Home December 2023 Our Tremendum

Our Tremendum

A new commandment for Israel

This was no ee’roo’a. This is our tremendum. Israelis know how to deal with terrorist incidents. We mourn the victims, we comfort their families, we draw some conclusions concerning how to improve security, and life goes on.
    Indeed, with typical Israeli black humor, the very same Hebrew word used for a terrorist “incident,” ee’roo’a, is the word used to describe a family “event” (typically, a life-cycle celebration). What happened on Oct. 7, however, was terror on such an enormous scale that “ee’roo’a” cannot contain it; we feel what happened as our tremendum.
    What is a tremendum? A little over 100 years ago, a German Lutheran theologian named Rudolf Otto wrote a book called “The Idea of the Holy” in which he refers to the holy as “mysterium tremendum,” both terrifying and fascinating. Horrific evil, just like astonishing goodness, can be perceived as “other worldly,” and borrowing from Otto, Arthur Cohen (1928-1986) in “The Tremendum: A Theological Interpretation of the Holocaust” (1981), used the phrase to describe the Nazi death camps. 
    We in Israel are now dealing with our own tremendum.
    Jews have been abused and slaughtered at different times in different places throughout our history, with Jewish pregnant women being particularly singled out for sadistic torture. But for this to occur in the Jewish State? For this to happen in the one place on earth that is supposed to be a haven for Jews? That’s an existential contradiction for us, that’s the awe-ful power of evil entering our existence, that’s our tremendum.
    If something is experienced as a tremendum, then life cannot return to normal afterward. It fell to a different Jewish theologian to articulate this change for post-Holocaust Jewish life. For Emil Fackenheim (1916-2003), a divine command issues forth from the Holocaust to proclaim: “Thou Shalt Not Hand Hitler Posthumous Victories.” He called this “The 614th Commandment” and said,  “We are, first, commanded to survive as Jews, lest the Jewish people perish.”
    Has something on the order of a Commandment emerged for us after Oct. 7, amid our tremendum? I think it has, and it is this: Israel shall no longer tolerate competing national stories within our midst. 
    There are three corollaries to this “Commandment.” The first is that after our tremendum Israel can no longer make space for a “Palestinian Israeli” identity. When one remembers that the United States put over 100,000 Japanese Americans in concentration camps during WWII, one can only wonder what would have happened to any of these people had they proclaimed that they were “Japanese citizens of America.” 
    And yet this is the situation in which Israel finds itself, where many people speak of themselves as “Palestinian citizens of Israel.” I am not suggesting that Israel cannot tolerate dual identities (such as being American Israeli), but I am saying that our tremendum argues for an end toward tolerating allegiance to a competing identity.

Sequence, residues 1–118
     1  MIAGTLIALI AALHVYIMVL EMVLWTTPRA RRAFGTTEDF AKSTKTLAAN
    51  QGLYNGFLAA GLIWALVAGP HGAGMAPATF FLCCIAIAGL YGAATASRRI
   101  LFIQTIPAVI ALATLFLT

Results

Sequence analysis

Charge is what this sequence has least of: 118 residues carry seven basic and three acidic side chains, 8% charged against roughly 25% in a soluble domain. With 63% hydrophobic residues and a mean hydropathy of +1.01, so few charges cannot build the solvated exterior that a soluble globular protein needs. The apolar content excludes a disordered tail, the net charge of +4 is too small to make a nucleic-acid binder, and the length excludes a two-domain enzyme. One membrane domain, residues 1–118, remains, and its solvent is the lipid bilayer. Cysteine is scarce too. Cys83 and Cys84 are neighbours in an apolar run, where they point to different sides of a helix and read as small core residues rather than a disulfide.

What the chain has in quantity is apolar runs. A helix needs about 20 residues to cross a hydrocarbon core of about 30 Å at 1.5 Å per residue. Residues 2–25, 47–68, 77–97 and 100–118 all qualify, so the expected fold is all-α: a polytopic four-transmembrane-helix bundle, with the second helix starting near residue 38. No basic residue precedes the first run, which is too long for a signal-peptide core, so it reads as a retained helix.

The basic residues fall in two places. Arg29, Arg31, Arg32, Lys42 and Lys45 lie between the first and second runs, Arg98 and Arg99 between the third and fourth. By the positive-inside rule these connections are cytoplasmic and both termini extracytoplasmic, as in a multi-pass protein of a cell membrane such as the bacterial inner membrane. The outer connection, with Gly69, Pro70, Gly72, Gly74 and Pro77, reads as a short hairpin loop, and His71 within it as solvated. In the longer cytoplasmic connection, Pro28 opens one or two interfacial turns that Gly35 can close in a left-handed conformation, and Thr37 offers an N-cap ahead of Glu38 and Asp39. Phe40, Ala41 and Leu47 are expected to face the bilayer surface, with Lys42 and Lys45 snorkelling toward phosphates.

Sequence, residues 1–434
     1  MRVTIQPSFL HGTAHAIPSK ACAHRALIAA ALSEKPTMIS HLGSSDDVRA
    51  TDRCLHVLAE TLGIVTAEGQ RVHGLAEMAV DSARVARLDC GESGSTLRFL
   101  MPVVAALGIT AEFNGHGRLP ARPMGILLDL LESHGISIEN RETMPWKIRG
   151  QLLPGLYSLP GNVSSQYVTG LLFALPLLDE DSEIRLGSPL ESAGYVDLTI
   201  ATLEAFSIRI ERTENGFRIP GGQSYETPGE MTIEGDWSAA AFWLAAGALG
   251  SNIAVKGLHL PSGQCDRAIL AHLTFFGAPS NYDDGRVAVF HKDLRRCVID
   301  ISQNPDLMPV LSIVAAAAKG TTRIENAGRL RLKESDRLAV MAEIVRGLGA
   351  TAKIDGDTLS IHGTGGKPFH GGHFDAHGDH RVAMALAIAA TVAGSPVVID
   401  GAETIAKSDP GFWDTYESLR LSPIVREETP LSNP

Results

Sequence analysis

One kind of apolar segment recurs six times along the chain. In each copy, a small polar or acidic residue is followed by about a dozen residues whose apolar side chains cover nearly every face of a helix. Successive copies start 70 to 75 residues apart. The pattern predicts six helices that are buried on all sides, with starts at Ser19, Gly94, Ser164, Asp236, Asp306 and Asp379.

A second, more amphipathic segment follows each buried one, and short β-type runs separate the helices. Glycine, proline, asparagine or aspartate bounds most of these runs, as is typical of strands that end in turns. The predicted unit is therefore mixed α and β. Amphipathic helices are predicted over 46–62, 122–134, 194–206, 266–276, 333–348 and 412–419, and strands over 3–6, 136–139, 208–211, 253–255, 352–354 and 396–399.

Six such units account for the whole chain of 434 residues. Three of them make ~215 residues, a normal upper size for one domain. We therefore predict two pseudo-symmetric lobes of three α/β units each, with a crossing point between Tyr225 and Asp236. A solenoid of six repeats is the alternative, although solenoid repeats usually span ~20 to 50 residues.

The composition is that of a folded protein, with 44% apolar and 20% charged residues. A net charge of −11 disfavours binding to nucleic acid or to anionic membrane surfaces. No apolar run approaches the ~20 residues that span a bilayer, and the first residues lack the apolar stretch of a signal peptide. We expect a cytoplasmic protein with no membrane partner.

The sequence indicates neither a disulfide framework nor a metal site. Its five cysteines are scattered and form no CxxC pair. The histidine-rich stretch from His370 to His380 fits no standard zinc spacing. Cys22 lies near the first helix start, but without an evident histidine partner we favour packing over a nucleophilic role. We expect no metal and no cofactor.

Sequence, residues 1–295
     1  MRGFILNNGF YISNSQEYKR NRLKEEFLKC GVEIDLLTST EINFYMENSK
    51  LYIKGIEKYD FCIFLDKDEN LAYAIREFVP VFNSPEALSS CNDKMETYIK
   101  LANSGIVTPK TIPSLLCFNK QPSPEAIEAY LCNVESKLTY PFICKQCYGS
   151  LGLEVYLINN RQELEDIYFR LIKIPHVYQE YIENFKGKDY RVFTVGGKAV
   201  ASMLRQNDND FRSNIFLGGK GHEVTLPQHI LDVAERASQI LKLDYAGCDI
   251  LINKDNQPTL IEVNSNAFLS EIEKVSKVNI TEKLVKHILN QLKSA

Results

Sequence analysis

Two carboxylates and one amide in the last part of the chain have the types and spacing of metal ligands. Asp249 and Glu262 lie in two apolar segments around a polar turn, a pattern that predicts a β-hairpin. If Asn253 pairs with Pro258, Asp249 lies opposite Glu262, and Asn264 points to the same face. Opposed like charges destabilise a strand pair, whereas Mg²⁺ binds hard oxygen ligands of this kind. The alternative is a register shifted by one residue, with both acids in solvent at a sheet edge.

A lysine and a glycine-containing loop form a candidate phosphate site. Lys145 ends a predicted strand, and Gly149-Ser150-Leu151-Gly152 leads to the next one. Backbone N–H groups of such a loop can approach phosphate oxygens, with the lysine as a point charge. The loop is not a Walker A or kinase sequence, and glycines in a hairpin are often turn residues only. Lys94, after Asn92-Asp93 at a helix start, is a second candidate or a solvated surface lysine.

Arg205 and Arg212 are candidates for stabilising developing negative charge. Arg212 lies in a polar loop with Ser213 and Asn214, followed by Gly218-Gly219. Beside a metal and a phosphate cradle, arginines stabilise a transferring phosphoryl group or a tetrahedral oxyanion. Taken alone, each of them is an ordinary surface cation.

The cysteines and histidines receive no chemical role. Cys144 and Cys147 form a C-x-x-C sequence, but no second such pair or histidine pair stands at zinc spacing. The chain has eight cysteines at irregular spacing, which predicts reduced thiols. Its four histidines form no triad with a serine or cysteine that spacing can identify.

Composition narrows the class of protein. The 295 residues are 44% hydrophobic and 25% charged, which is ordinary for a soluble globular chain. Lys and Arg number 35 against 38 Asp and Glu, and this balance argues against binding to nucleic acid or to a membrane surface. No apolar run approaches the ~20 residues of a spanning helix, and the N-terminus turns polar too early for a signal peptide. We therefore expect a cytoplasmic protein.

The American experience is also instructive concerning the second corollary for our new world: An end to any Israeli observance of our Independence Day as the nakba (“catastrophe”).  Up until now, it has been taken for granted in liberal circles that it makes sense for Arab Israelis to mourn Yom Ha’Atzmaut, and yet, why do Native Americans not go into mourning on the Fourth of July? After all, their lands were taken, their cultures decimated, and their peoples killed by the United States of America (so that Native Americans now represent just a little over 1% of the population; in Israel, one-fifth of the population is Arab). 
    For Native Americans, the Fourth of July is celebrated with tribal gatherings and by honoring Native American military veterans. A situation where the Fourth of July was treated by Americans as a “catastrophe” is unthinkable. Yom Ha’atzmaut as the nakba by Arab Israelis should also be unthinkable.
    The third corollary, like the second, has wider implications than for just Arab Israelis (i.e., ultra-Orthodox public demonstrations of indifference on Israel’s national holy days must also stop). Our tremendum mandates that there be national service for all. Neither Arab Israelis nor Haredi Israelis will be excused any longer from serving their country.
    While military service might not be appropriate at this point for Arab Israelis, national service is. All Israelis will now be expected to serve their country upon the completion of high school.
    Only after the destruction of European Jewry, only after the tremendum, did Christians conduct a serious reassessment of Christianity’s antisemitic roots and of how the Nazis built upon that. I am not sure whether the Muslim world will ever truly accept Israel in the Middle East, but I do know this: Israel will not allow itself to be destroyed so that Islam can then take stock and reassess its basic theological positions regarding non-Muslims. 
    In the United States, whatever one’s religion, whether or not one even has a religion, “G-d Bless America” is a touchstone of American identity. Israel needs to get to a point where all of its citizens will react similarly to “G-d Bless Israel.”    

TEDDY WEINBERGER is a contributing writer to Jlife magazine. He made aliyah with his family in 1997 from Miami, where he was an assistant professor of religious studies. Teddy and his wife, Sarah Jane Ross, have five children.


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